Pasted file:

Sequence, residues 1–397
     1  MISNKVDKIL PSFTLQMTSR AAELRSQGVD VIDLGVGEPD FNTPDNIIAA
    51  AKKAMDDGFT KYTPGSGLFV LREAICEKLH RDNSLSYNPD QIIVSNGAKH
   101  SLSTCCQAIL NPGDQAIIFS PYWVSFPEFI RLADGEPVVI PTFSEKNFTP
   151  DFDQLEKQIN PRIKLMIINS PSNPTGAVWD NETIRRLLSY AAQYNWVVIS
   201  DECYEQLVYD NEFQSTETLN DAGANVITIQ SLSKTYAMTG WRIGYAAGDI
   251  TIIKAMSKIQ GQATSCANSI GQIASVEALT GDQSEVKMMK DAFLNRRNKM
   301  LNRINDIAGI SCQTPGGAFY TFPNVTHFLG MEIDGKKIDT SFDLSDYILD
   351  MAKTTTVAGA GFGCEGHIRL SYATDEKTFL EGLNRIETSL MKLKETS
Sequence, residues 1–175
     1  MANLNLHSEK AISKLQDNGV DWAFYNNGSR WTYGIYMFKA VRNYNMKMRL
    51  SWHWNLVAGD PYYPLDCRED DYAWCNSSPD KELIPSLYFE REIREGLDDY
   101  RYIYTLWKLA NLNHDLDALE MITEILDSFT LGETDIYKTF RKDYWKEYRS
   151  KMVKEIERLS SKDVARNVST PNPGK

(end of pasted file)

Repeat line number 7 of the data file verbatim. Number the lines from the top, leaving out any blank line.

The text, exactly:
   251  TIIKAMSKIQ GQATSCANSI GQIASVEALT GDQSEVKMMK DAFLNRRNKM